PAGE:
new azalea sketches and painting plan

As I’m sketching the flowers, I pick up information that a photo won’t give you. It’s not always easy to see the petals as separate shapes. I’m sure a camera would blend them together. I might be the only one interested in drawing petals separately but it could help me decide which direction to drag my brush on the painting, where the edges are if I want to keep edges. I’ll probably simplify the painting but I need detailed drawings.

Another thing a photo won’t make you aware of is that the buds and flowers come in groups of three. The stems are in threes too. The stems don’t go straight vertical but have some curve. Some of the petals have smooth edges and some have zig zag edges.

Now I realize that other plein air artists don’t care about separate petals. They’d go to the garden and start right in with slapping down some paint and finish the painting in a day or maybe less. I need the sketching time to figure out a plan.

The more flowers I sketch the easier it gets. I might need more flower sketches but maybe these are enough.

The two big azalea bushes I was standing between are in a kind of U shape where I can step off the path and stand between the bushes to sketch. These are on the shady side. I looked at the sunny side of the bushes and the sun was too bright on my white paper. It was blinding! I use the white paper last because it’s not great for sketching in plein air. Also when looking at the side in the direct sun all the flowers were lit equally bright. When I sketched the shady side it was easier on the eyes. I didn’t feel like going back to the car for my sunglasses.

As I was standing there for around an hour and a half to fill each of these papers with flowers, some spotty light fell on a few flowers at a time and it was much nicer to see than the bright glare of direct light. I decided to do my painting with spotty light. I’ll have to fake it on the sunlight if I paint this at home, but that means I can put as much sunlight in as I want to, because if I go back to the garden to paint the flowers will be different and I don’t know exactly what time the sun fell on any flower to catch it at it’s best.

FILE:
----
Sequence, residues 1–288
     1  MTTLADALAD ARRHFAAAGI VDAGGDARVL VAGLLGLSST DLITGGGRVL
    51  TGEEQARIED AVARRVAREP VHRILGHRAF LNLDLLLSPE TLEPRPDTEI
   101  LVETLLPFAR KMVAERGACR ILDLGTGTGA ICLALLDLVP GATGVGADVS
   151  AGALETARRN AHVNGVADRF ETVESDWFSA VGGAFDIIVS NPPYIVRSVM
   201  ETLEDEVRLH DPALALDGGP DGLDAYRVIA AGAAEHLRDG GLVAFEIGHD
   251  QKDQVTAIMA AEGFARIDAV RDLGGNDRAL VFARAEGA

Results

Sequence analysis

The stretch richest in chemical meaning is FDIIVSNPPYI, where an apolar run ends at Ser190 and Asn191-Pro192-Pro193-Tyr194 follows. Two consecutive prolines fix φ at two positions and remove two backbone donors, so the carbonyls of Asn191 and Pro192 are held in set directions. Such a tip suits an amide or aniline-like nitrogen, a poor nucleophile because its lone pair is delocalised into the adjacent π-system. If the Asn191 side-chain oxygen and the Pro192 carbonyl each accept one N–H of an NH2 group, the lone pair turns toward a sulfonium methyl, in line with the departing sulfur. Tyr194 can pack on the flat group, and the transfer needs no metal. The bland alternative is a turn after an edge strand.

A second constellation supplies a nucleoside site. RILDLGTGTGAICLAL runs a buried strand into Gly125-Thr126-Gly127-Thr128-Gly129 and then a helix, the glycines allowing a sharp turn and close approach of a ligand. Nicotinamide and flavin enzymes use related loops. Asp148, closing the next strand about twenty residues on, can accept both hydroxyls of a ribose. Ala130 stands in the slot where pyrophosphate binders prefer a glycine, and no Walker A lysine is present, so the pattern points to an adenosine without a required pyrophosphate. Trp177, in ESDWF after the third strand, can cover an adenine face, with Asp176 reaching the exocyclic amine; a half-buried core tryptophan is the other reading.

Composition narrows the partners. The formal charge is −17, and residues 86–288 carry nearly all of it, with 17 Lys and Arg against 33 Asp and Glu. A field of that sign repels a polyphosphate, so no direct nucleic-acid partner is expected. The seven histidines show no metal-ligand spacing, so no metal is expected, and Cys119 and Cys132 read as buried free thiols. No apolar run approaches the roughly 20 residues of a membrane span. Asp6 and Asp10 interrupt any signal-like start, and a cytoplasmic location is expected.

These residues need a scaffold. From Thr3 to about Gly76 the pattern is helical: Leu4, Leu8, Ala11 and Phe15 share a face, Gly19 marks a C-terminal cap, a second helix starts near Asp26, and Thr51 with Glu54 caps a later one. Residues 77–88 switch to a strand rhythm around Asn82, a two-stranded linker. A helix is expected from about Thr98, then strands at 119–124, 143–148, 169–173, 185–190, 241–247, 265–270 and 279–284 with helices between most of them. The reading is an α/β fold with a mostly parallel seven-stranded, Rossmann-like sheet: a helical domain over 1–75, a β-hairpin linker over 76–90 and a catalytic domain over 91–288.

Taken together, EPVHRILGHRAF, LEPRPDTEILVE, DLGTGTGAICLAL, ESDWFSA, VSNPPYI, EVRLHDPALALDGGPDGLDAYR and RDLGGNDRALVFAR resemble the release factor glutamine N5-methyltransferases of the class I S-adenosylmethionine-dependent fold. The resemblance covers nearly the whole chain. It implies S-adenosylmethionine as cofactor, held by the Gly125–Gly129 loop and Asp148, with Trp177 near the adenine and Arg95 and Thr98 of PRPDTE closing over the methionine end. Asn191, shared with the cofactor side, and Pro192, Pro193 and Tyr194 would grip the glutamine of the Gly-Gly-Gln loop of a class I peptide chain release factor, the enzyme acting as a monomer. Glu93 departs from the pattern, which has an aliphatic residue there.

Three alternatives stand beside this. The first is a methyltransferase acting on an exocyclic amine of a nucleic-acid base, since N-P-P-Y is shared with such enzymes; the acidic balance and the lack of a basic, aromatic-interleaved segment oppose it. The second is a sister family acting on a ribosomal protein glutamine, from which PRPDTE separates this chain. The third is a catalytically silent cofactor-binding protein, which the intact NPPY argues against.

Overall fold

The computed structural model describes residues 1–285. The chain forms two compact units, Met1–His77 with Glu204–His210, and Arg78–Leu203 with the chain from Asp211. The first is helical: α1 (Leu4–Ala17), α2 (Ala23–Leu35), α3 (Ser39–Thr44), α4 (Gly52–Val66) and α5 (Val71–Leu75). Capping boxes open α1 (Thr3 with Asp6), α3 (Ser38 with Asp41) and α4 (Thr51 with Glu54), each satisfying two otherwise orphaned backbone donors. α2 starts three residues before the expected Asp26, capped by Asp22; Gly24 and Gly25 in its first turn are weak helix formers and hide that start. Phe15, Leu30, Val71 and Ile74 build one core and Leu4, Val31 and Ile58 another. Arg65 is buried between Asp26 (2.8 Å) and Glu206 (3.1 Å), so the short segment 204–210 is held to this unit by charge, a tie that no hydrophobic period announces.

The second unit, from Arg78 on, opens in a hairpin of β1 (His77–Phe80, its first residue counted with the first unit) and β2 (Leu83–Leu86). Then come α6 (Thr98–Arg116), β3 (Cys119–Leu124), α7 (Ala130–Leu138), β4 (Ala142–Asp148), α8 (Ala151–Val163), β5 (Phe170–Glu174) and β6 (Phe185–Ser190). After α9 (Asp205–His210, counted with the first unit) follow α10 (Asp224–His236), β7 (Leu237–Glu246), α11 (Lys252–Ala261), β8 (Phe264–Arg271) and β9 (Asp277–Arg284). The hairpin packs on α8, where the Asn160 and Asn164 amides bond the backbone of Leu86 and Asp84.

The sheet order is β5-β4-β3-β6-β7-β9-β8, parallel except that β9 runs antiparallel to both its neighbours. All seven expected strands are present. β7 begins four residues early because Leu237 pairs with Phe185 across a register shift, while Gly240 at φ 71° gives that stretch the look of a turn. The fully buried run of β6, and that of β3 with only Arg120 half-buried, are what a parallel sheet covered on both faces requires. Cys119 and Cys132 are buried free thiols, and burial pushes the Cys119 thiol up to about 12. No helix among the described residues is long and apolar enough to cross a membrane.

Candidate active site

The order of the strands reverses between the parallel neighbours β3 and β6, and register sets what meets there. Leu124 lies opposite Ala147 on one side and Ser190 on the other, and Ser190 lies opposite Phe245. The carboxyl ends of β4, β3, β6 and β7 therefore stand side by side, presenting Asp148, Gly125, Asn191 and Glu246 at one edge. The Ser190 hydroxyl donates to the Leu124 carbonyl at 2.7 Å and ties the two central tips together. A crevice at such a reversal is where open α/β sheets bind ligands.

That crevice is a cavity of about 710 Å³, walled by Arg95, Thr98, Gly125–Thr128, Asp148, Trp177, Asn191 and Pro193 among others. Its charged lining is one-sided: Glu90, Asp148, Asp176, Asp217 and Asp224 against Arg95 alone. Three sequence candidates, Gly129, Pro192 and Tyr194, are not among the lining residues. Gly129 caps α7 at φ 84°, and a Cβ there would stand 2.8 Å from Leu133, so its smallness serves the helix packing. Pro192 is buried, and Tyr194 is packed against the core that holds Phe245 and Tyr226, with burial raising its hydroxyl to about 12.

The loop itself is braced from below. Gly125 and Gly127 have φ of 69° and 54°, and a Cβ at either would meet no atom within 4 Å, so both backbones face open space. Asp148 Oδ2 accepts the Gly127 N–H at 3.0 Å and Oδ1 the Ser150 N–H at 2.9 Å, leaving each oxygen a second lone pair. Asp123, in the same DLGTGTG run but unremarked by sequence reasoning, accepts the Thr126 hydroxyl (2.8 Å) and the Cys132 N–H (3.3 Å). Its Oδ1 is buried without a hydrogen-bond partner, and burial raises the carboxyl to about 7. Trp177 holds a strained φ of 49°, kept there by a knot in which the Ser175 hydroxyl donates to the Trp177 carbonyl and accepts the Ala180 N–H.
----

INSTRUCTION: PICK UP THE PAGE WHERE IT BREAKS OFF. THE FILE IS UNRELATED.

So, yeah, and hour and a half on each sketch paper. That means I have around six hours in it so far and haven’t started painting yet. That’s one reason I can’t get in with a plein air group. Also, I don’t want to pay to join a group, I mean $35 to get your name on an email list? But they don’t like this approach to painting. They don’t want to go back day after day and do a bunch of sketches. But it’s a whole different process and if I ever sell a painting I’ll ask a lot more for it than their fast one day paintings would go for. They want their art openings to be “cohesive” which means the artists must conform. If all the paintings for sale are asking $300 and someone enters a painting and they want $1000 for it, the juror would reject it because they don’t want an artist to think their painting is worth so much more that any of the others.

I traced my flowers from the sketch papers and cut them out to arrange them on the paper I tinted for this painting. This step will help me decide if I need to draw more flowers or if this is enough. I want to have some flowers in the background too. If I can come up with a good arrangement then I’ll try to decide how much sunlight to put into the painting and where. I decided I want the spotty light to make the composition more than the flower shapes. If I can make a good composition with the flowers and light, I hope the viewer’s eye will move around the whole painting.

2 thoughts on “new azalea sketches and painting plan”

  1. The sketch paper layout is a great idea Chris!

    I have that problem with the white canvas being so bright I can’t look at it. Then if I put up an umbrella it’s too dark and I can’t see what my colors are. It’s as if the oil paint sucks up all the light. I find painting plein air with oils very difficult. I don’t know how artists can paint plein air without sunglasses or an umbrella and sit in direct sunlight.

    I wouldn’t pay to join a plein air group. That’s kind of snobby!

    Looking forward to seeing your finished painting! 🙂 ~ Rhonda

    Liked by 1 person

    1. hi Rhonda, Thanks about the sketch layout.
      A lot of plein air artists use an umbrella but I look for a shady place when it gets warm but a sunny spot is ok in the winter. A white canvas makes it hard to see what you’re doing in sun or shade but sun will make it glare! If the canvas is backlit like you’re facing the sun that makes it hard to see what you’re doing too.
      They are purists to their style. I’m not into it. no problem. I don’t mind going alone and they’re afraid to do that. haha

      Liked by 1 person

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